Motorcycle Electrical Techbook by Tony Tranter This one is pretty heavy on detail and technical explanations. It also covers early model electrical systems AND a lot of later-model systems (which may be of no interest to the average customizer who is chopping up an older bike). Since the target audience is motorcycle technicians it probably hits the mark.
I would definitely consider it an asset to my shop library, but my engineering training included a couple of years of electrical/electronics so I found it a great refresher. Without some high school math/physics/chemistry (at least), the descriptions might be tough to follow.
I’d still consider it an essential reference, since any custom bike will require some electrical modification. Heaps of condensed info for a relatively small outlay. [Buy]
Other useful additions Based on my experience with the Haynes Techbooks listed above, I would have no hesitation in recommending the rest of the series. If you bought these, you would have a solid set of reference material to help your custom motorcycle project.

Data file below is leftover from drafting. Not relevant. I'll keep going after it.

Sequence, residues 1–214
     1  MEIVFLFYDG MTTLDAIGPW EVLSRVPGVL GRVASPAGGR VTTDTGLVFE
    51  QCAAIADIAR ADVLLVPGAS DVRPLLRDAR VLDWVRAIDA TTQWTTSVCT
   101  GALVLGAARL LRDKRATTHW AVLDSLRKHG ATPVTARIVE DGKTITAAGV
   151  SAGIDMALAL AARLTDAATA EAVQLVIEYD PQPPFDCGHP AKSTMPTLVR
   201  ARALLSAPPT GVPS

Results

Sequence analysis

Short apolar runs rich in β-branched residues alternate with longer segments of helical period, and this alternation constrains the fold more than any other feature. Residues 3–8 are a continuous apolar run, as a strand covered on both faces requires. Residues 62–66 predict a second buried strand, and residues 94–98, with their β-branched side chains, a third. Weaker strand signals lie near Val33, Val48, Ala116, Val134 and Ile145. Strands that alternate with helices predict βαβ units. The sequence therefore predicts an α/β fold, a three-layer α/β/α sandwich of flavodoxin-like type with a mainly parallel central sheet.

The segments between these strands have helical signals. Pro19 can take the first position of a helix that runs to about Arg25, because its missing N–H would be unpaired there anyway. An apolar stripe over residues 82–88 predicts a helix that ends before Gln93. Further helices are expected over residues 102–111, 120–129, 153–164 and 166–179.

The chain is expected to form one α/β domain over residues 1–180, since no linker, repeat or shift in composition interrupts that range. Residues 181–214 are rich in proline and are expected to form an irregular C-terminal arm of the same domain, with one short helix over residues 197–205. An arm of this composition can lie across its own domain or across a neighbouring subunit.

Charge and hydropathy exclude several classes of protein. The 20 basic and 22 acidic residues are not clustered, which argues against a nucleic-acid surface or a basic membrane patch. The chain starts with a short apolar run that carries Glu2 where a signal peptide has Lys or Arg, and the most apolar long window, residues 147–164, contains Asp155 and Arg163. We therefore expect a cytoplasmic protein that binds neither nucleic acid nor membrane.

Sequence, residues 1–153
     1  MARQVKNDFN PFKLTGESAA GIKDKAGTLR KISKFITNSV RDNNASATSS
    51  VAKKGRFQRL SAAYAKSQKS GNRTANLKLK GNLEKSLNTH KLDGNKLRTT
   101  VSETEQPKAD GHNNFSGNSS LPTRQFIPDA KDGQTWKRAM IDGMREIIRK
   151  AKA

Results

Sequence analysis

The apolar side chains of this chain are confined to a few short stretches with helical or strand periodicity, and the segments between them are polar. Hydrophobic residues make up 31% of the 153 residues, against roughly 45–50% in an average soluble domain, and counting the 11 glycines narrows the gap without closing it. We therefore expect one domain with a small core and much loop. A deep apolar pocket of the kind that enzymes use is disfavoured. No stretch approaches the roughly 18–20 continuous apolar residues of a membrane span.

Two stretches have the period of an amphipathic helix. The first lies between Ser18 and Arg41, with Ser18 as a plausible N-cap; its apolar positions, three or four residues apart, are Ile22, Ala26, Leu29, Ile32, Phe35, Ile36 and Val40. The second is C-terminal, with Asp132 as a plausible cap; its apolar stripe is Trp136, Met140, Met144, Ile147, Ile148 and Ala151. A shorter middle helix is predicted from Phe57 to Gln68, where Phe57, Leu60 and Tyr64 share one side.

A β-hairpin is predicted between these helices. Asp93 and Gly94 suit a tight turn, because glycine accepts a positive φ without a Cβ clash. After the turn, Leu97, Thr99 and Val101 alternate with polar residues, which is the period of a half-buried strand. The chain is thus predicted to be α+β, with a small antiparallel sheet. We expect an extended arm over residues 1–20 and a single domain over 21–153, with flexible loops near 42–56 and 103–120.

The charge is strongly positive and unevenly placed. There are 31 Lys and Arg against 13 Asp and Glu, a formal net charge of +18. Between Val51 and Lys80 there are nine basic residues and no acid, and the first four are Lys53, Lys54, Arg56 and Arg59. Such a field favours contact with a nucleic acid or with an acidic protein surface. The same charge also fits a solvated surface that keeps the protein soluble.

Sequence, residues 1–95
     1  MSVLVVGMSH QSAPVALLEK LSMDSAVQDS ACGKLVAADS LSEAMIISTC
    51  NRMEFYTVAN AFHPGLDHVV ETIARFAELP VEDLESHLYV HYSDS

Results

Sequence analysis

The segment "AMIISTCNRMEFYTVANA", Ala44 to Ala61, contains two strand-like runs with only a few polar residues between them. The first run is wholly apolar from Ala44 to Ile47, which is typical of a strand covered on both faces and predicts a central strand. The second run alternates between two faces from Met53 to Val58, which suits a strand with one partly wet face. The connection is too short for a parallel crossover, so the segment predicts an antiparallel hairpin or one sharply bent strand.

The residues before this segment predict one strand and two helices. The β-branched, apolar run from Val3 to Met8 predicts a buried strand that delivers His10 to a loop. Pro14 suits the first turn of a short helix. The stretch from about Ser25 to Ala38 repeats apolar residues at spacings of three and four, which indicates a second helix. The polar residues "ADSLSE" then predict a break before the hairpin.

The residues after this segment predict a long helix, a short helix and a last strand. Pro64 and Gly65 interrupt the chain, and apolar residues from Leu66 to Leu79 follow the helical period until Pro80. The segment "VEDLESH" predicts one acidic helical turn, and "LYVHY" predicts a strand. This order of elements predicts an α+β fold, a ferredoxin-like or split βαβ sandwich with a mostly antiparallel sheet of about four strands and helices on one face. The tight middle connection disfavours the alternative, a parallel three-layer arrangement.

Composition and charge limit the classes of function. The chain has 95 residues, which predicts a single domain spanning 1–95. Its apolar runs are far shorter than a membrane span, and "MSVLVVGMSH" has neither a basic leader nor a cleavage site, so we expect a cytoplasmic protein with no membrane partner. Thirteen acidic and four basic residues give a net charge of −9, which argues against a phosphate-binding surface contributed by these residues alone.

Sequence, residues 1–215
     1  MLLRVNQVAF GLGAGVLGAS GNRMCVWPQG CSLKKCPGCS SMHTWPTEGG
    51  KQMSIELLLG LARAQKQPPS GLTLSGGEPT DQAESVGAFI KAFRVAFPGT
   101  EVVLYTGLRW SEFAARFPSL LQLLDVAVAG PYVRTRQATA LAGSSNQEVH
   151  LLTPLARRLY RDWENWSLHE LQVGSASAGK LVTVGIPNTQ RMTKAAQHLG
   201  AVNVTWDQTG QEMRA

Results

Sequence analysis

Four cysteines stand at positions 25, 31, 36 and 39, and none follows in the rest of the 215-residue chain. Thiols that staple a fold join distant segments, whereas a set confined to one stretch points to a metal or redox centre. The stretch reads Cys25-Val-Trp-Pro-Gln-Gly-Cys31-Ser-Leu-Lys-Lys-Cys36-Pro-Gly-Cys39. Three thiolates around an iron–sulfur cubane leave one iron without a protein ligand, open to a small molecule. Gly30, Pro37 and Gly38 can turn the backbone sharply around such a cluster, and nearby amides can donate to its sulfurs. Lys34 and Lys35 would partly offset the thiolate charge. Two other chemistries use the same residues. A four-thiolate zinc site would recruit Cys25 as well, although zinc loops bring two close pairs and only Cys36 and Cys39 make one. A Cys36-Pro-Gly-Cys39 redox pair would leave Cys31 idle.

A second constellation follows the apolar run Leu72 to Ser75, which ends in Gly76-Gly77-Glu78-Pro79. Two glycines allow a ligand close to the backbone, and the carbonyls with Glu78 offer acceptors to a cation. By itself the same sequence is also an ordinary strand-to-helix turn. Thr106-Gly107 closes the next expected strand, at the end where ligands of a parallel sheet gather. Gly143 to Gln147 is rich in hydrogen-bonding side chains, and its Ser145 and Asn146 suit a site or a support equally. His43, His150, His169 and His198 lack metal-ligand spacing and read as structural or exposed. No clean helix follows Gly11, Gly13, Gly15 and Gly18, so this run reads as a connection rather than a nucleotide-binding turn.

Motorcycle Basics Techbook by John Haynes All common engine, chassis and electrical systems fully explained and illustrated. Topics covered include engine cycles and layouts, carburetors and fuel injection, ignition systems, clutches, gearbox, engine lubrication and cooling, wheels, tires, braking systems, suspension, steering, handling, design and electrical systems. [Buy]
Motorcycle Workshop Practice Manual by John Haynes Essential information on how to use tools, fabricate components from metal and plastic, and tackle common motorcycle repairs. [Buy]
Motorcycle Maintenance Techbook by John Haynes Aimed at the DIY mechanic and students embarking on courses in motorcycle engineering. Service tasks are described in detail and illustrated with over 900 color photographs. Information on how to build up a toolkit and keep service records. [Buy]
Header image courtesy of Classified Moto. If you’ve got any other recommendations to help new bike builders, sound off in the comments below.